Ms Aeron Choo, chef-owner of omakase restaurant Kappou, has the distinct honour of being the first woman in Singapore to own and helm her own Japanese restaurant.
It is a dream that the 28-year-old has harboured since she was a child, and one that she credits her stubborn streak for helping to bring to fruition. But her journey there has been anything but smooth sailing.
After all, the male-dominated Japanese culinary scene has traditionally not been the most welcoming towards female apprentices looking to become sushi chefs – much less one who is neither Japanese nor able to speak the language.
“I was told that women are not suitable to become sushi chefs, but I was stubbornly against taking ‘no’ or ‘it's not possible’ for an answer,” she recalls.
Watch how sushi chef Aeron Choo overcame challenges to realise her dreams.
Adamant about getting her start in sushi restaurants, she packed her bags for Japan at just 16 years and sought out opportunities in establishments – but was frequently met with rejection.
Eventually, she found a restaurant that accepted her as a dishwasher, worked her way through the different responsibilities of the kitchen before her perseverance and determination convinced Master Fujisaki Tadao, her mentor from Yacco Sushi, to take her under his wing.
“He said that he could see in my eyes just how much I wanted to learn and how determined I was to pursue Japanese cuisine. That was why he decided to support me on my journey to realising my dream of becoming a Japanese sushi chef,” says Ms Choo.
The rest, as they say, is history. After completing her professional training with her mentor, obtaining a certificate from the Japan Sushi Instructors Association in Tokyo, and also picking up the language, Ms Choo returned to Singapore in 2014, and started her first venture, a donburi stall in a humble coffee shop in Yishun called Ayakichi.
Two years later in 2016, Kappou was set up at its first home at Fortune Centre in the Bugis area.
Today, Kappou – mirroring Ms Choo’s growth as a sushi chef – has evolved into a stylish omakase restaurant at an office building in the heart of the central business district.
Ms Choo’s inspiring story of tenacity has not gone unnoticed.
She is one of the profiles featured in the new global Dreamers. On. campaign by luxury car marque Porsche, which aims to spotlight those who have dared to chase their dreams.
The campaign is also an homage to the company’s founder Ferry Porsche, who started the company as a way of realising his own dream of creating the ideal sports car. “In the beginning, I looked around and could not find the car I dreamed of. So I decided to build it myself,” he once famously said.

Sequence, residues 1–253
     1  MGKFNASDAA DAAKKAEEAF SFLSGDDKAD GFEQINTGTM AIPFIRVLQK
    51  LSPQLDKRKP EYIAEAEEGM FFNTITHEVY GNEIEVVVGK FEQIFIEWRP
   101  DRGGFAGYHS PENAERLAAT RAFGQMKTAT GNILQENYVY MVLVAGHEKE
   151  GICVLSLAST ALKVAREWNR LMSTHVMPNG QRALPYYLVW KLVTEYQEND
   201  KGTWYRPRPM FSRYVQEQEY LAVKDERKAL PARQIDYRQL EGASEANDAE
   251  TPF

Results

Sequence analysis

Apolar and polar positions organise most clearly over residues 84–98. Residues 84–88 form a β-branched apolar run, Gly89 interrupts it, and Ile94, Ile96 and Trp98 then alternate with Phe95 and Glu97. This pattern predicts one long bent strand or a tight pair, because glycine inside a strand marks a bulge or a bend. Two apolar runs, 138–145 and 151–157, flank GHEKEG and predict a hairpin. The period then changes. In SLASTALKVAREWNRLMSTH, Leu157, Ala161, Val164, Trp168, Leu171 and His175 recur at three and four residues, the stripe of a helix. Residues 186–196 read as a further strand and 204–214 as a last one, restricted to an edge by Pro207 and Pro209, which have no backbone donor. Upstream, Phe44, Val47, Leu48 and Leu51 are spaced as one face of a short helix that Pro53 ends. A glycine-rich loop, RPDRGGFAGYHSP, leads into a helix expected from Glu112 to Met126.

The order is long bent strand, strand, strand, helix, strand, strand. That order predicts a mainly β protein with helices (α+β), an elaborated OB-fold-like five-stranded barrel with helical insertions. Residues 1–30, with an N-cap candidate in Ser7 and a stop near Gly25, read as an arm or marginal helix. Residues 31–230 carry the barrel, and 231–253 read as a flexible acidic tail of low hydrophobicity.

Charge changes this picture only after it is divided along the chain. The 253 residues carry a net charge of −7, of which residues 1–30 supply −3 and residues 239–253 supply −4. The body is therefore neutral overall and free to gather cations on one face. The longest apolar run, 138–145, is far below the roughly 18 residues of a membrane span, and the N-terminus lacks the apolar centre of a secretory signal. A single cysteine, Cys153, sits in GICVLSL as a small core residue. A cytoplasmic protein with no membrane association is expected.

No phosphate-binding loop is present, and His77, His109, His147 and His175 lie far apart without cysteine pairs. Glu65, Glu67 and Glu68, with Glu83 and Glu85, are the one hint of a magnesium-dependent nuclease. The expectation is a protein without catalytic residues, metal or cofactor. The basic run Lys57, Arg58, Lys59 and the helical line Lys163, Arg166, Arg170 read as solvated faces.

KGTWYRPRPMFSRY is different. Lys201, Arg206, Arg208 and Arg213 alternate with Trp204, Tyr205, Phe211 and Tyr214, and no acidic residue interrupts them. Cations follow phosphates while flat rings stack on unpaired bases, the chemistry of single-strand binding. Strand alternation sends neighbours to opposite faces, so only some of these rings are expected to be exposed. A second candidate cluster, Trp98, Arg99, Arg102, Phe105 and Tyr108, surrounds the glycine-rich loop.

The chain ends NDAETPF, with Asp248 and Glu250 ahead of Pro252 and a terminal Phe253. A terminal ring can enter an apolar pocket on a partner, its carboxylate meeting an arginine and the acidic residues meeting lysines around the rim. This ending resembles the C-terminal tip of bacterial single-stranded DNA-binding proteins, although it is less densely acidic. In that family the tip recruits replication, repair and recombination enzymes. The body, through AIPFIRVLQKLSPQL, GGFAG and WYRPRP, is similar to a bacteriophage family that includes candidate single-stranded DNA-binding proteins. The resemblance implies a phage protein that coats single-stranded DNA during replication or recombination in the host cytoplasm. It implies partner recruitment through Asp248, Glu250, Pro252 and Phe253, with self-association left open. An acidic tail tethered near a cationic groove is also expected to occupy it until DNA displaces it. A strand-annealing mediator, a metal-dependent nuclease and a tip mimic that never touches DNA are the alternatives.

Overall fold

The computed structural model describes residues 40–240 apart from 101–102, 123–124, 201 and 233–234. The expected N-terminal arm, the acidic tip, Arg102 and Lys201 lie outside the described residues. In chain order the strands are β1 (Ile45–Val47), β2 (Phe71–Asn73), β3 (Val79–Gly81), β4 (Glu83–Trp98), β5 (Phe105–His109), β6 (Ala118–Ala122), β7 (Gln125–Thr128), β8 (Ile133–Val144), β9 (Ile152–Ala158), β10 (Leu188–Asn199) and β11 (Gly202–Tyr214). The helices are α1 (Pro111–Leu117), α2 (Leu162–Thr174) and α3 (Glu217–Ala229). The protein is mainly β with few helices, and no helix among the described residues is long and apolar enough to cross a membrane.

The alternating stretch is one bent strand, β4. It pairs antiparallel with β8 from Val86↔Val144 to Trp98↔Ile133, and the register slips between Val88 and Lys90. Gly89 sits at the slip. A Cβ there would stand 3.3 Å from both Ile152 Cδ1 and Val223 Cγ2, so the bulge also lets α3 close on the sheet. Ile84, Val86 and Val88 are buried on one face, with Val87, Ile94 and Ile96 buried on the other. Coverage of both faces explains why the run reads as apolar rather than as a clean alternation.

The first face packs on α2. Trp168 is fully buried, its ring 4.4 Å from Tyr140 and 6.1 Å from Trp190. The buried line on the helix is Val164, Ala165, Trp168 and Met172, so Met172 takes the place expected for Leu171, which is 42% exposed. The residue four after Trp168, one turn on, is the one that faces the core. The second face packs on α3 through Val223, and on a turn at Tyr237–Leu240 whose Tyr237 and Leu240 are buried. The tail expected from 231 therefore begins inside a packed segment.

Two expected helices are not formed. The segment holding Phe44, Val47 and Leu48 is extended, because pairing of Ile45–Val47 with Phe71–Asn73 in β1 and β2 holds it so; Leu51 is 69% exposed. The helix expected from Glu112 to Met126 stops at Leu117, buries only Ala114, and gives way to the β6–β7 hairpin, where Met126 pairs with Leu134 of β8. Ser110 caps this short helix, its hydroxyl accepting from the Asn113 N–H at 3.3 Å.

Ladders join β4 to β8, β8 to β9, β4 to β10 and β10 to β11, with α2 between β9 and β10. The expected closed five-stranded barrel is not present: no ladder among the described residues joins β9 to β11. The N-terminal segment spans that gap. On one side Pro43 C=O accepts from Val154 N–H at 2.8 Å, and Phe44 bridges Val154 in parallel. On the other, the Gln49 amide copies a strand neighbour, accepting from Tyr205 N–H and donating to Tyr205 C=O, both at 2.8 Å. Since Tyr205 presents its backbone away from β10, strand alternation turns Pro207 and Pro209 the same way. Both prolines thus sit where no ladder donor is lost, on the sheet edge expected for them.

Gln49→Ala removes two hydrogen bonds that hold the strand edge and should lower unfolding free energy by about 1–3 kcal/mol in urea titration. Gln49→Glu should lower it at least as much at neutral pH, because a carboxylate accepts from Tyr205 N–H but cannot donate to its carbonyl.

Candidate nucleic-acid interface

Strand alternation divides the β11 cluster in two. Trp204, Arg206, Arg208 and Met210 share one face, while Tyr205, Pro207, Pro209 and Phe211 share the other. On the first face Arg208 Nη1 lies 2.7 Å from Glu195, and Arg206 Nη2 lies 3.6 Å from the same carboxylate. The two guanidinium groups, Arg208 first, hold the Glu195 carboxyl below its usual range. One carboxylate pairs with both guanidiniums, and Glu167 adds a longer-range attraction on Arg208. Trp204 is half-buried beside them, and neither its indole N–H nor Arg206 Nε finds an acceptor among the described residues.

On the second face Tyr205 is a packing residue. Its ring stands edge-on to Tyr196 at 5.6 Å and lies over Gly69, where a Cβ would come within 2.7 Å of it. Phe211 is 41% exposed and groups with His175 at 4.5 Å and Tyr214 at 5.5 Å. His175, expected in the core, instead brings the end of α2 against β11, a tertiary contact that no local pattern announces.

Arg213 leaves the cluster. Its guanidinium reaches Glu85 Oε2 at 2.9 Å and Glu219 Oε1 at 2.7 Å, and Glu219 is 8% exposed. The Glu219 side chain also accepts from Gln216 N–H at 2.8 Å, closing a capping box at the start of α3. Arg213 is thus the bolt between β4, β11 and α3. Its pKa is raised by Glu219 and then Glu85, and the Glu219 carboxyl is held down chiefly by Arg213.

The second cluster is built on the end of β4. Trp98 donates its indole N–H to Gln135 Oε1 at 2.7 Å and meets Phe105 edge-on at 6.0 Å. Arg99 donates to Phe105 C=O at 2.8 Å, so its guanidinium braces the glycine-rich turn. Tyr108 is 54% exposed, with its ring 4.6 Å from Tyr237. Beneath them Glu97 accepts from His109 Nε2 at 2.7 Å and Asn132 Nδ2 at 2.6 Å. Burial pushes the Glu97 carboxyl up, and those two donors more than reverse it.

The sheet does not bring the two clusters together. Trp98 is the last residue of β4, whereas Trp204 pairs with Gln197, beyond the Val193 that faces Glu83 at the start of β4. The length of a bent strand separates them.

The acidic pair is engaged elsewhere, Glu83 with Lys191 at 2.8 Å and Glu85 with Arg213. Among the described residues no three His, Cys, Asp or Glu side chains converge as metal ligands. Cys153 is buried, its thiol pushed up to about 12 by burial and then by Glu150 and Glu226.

On the Dreamers. On. campaign, Mr Hannes Ruoff, chief executive officer of Porsche Asia Pacific, explains: “With this pioneering spirit, the possibilities for innovation and progress in a craft or passion are endless. That’s why we want to encourage the next generation of dreamers to do the same.”
Despite not having experience in the industry, Mr Yeo and his brothers had to take over the family’s system furniture fabrication business when their father passed away from cancer in 2014.
Find out how Mr Morgan Yeo and his two brothers have carried on their father’s legacy and transformed the family business.
Nevertheless, they believed it was their duty to uphold their father’s legacy and passion for the craft of carpentry.
Explains the 34-year-old: “As kids, we were constantly exposed to our father’s work and saw first-hand how much the business meant to him. There was no question that we would take over the company.”
After three years of research and business development, Roger&Sons saw traction in the business, and was brought on projects for clients like Google, Mandai Wildlife Group and W Hotels. Today, their extensive portfolio includes furniture for private, corporate and government clients.
A common trait shared by Ms Choo and Mr Yeo and his brothers is their can-do spirit – something many Singaporeans can relate to – and their ability to stay focused on achieving their dreams despite curveballs along the way.
In 2017, a year into running Kappou on her own, Ms Choo was diagnosed with a steroid cell tumour, and was forced to reassess her priorities. After her recovery, she decided to reduce the restaurant’s operating hours and set aside time for her to travel and take care of her health.
Nevertheless, Ms Choo says her passion for the job has not wavered in the slightest.
“I have just learned to do it in a way that is more sustainable, so that I can continue doing what I love in the long run,” she says.
For Roger&Sons, Mr Yeo says despite facing initial scepticism about their business model, the brothers remained undeterred.
He explains: “Like every family, we don’t always see eye to eye, but we trust one another deeply. At the end of the day, we are united by the desire to make our late father proud, and to continue raising the profile of carpentry as a craft.”
They hope to encourage fellow dreamers to persevere and apply the same laser-sharp focus when pursuing their dreams.
“Remember your passion, grit, mental strength and stamina,” says Ms Choo. “Never give up and be prepared to work hard for your goals.”
Mr Yeo echoes the sentiment, saying: “Ask yourself: If you do not love what you do, then why are you doing it? Just keep trying and never stop dreaming.”
Visit the Porsche Dreamers Stories website for more inspiring stories and to further find out about the Dreamers. On. campaign. Also, follow Porsche’s digital and social media channels – Instagram, Facebook and YouTube – for more updates on the Dreamer Stories.